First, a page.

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Actually, It Can Be A Total Delight To Take Your Kid Places

We went to the Big Apple Circus and I got a reminder that this parenting gig can be a lot of fun.

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If you’d asked me why I was excited about having kids before actually having any, there’s a good chance I would have told you something about going on adventures with them. If you’d asked me what I liked about having a kid when I was in the baby-and-toddler trenches, I probably would have told you the absolute last thing I wanted to do was take her anywhere we couldn’t leave in a hurry, preferably via car. Waiting in lines? Sitting patiently? No thank you! Not to mention, of course, the pandemic.

But now she’s 6 — almost 7 — and we’re finally venturing out into the world together. And you know what? Every cliche thing they say about seeing the world through their eyes and making memories together is absolutely true. Take, for example, our recent trip to the Big Apple Circus, a beloved local institution that, it turns out, is a lovely blend of kid-friendly and offbeat. Somewhere between the juggler, the gold-painted trio of bodybuilders, the metaphorically orgasmic trapeze act, and the moment at the end where my kid got onstage and danced with a clown, I realized that I’m really — finally — in a golden stretch of parenting, where she actually wants to go places that I’m interested in going. And she wants to go with me.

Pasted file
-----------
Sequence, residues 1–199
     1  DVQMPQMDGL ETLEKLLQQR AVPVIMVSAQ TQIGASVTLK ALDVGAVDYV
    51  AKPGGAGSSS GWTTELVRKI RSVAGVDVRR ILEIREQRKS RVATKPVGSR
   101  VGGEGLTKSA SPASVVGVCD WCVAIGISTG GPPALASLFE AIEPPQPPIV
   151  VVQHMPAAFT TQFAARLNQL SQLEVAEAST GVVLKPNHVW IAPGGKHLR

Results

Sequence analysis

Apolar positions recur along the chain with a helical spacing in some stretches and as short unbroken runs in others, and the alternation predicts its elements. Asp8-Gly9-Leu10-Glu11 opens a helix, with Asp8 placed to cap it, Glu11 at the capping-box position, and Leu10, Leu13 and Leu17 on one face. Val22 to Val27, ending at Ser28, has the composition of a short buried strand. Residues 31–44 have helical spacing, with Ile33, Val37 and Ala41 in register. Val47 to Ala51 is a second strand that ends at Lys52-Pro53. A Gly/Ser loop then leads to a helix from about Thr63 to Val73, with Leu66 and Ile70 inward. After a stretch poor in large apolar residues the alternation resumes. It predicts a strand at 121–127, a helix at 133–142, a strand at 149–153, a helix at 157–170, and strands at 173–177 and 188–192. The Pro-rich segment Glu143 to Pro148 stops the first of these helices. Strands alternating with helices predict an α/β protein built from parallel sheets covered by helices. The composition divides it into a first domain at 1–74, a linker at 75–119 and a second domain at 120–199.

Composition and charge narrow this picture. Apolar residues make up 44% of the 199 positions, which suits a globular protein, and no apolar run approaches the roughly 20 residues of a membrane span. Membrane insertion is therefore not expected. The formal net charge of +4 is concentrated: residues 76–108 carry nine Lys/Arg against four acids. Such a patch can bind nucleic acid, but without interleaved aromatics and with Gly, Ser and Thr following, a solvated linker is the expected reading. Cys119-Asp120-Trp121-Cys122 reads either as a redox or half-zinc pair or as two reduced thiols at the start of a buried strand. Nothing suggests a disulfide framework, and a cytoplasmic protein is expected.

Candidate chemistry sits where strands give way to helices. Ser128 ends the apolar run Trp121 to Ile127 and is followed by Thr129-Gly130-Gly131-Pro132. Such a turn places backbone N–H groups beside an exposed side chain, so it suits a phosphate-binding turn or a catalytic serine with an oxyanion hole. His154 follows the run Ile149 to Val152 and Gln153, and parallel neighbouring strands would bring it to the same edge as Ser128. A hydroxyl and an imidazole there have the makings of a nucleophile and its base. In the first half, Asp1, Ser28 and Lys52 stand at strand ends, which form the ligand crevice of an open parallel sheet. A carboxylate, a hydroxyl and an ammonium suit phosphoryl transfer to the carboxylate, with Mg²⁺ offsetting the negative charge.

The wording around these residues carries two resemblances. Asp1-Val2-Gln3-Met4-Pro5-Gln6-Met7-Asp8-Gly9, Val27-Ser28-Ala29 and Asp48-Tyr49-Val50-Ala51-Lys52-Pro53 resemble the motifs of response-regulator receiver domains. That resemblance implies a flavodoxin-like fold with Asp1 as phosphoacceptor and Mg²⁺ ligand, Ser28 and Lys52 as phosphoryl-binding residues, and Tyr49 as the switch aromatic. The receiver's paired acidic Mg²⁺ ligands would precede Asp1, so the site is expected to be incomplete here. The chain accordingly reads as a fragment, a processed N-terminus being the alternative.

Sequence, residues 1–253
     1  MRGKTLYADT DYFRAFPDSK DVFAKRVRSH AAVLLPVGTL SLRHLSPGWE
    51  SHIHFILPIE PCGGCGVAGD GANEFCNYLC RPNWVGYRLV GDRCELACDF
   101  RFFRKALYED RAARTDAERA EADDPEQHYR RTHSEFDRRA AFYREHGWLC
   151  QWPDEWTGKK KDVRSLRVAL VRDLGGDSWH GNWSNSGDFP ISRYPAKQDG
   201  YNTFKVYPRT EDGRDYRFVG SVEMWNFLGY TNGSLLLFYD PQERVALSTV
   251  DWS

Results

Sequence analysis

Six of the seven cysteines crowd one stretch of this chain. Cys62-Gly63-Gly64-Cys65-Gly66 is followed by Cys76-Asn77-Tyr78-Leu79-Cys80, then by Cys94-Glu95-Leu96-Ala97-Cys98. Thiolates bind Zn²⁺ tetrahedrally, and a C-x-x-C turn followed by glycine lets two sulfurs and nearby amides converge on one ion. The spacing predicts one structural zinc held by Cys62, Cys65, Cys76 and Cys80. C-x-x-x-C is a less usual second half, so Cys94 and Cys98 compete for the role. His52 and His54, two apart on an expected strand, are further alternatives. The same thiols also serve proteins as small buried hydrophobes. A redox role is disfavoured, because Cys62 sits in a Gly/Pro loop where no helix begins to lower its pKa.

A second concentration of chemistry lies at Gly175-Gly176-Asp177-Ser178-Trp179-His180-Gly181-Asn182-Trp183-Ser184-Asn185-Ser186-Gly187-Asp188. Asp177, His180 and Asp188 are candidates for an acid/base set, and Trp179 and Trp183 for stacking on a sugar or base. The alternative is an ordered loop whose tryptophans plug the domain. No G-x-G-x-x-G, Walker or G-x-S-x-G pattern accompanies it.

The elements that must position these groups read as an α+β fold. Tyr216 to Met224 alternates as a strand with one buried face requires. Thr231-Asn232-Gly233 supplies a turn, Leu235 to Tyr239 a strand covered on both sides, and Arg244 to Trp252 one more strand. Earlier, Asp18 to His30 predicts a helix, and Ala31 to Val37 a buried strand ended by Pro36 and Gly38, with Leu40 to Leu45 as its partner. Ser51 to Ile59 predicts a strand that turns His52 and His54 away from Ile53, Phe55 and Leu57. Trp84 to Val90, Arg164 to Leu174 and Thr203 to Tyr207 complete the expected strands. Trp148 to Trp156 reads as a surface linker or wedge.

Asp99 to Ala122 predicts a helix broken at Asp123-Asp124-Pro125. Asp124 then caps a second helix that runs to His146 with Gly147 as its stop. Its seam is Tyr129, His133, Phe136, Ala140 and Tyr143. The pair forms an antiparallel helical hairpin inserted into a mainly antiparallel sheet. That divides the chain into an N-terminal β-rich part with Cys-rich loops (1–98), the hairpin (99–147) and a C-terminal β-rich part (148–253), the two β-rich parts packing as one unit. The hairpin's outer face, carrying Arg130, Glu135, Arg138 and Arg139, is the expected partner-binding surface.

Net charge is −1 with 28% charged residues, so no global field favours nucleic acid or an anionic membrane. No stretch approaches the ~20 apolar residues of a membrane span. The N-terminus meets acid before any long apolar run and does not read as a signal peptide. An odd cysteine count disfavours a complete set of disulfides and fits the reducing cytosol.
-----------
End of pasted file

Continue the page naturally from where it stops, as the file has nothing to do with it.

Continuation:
The last time I went to the circus, it was the massive Ringling Brothers Barnum and Bailey circus at an auditorium in Macon, Georgia, involving every wild animal imaginable and probably enough hairspray to destroy half the ozone layer. (Also, an unbelievable amount of spandex and sequins.) I was probably 6 at the time, and it’s gotta be one of my more vivid childhood memories. I hadn’t been back since.

But as long as I’ve lived in New York City, I’ve been hearing about the Big Apple Circus. Founded in 1981, the circus faced financial troubles in the late 2010s and changed hands a couple of times, before stabilizing over the last couple of years. And this year I finally got a chance to check out a show that, when you mention it, New Yorkers’ eyes tend to widen with delight and admit they loved going to as kids.

Also, based on a couple of recent comments, I was concerned that my child was on the verge of developing a slight fear of clowns. I figured either we’d nip that in the bud, or leave the venue in tears. Fortunately, we had a blast.

The venue is Lincoln Center, the gorgeous mid-century home to the New York City Ballet and the Metropolitan Opera. But the circus is still under the classic large tent. (Fortunately, the animal smells are gone, along with the animals.) My kid and I had a funny conversation on the way in about what color the tent would be, at which point I realized that the sum total of her circus knowledge came from an episode of Barbie Dreamhouse Adventures involving “the Big Purple Top.” It was just the first of several funny topics prompted by the evening, which ranged from the fact that circuses once famously traveled by train — hence the animal crackers box — and also what a plank was.